Woman's short gown, small floral print
Origin: Philadelphia, Pennsylvania
OW: 50"; OH: 19 1/4"; Selvage width of textile: 33 3/4"
Roller-printed cotton, linen tabby lining.
Acc. No. 1996-95
Woman's high-waisted short gown of cream cotton, printed with all-over pattern of 3/8-inch red, pink, brown and blue floral sprigs with yellow paired dots set at angles. Low scoop neckline with casing for drawstring, opening at center front with paired eyelets; paired eyelets are worked at center back neckline, as well. Gown opens completely down front. It is fastened at the neckline and at the raised waistline with narrow linen tapes in sewn casings. Long, undecorated sleeves cut in one with the body of gown. Garment skirts flare out beneath the waist casings. Lined throughout with cream tabby linen. Sewn with plied thread.
Label:Even everyday clothing reflected fashion's changes. This short gown has the high waist of late eighteenth- and early nineteenth-century styles. Purchased in the New York vicinity, the printed garment came with a handwritten tag that reads, "Aunt Logan' Short Gown, given to Emily by Cousin Sarah M. Walker." The short gown almost certainly belonged to Deborah Norris Logan (1761-1839), wife of Dr. George Logan of Stenton, Philadelphia.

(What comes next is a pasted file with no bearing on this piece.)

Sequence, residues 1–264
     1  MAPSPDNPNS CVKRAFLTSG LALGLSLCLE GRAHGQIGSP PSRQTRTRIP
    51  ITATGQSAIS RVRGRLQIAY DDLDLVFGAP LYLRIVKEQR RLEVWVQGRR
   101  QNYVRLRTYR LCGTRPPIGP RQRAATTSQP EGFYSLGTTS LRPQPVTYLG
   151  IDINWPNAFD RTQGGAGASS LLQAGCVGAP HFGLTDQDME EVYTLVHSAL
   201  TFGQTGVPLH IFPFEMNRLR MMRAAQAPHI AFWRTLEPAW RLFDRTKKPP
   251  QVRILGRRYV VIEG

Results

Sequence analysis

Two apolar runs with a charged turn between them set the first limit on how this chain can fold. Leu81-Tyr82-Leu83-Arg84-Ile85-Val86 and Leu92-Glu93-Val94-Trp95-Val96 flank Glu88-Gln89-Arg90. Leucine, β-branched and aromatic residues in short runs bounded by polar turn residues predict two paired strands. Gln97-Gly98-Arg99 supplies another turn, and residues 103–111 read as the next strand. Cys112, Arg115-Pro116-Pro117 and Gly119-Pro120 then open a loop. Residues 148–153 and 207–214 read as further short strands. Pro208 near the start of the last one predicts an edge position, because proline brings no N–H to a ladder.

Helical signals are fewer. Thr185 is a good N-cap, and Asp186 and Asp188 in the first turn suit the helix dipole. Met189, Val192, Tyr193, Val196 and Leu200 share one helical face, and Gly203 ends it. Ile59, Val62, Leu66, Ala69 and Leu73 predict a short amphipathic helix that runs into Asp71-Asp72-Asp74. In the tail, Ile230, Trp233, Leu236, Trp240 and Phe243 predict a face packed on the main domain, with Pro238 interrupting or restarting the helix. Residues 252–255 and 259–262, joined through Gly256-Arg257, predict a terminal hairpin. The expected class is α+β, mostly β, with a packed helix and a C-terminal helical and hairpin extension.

Provenance:This garment has an American history. Although it was purchased in New York from a regional dealer at a Textile Fair, a note attached to the garment has allowed curators to trace its origin to Philadelphia. Written on 20th-century paper, the note reads "Aunt Logan'/ Short Gown,/ given to Emily by Cousin/ Sarah M. Walker." This almost certainly refers to Deborah Norris Logan (1761-1839), wife of Dr. George Logan of Stenton, Philadelphia.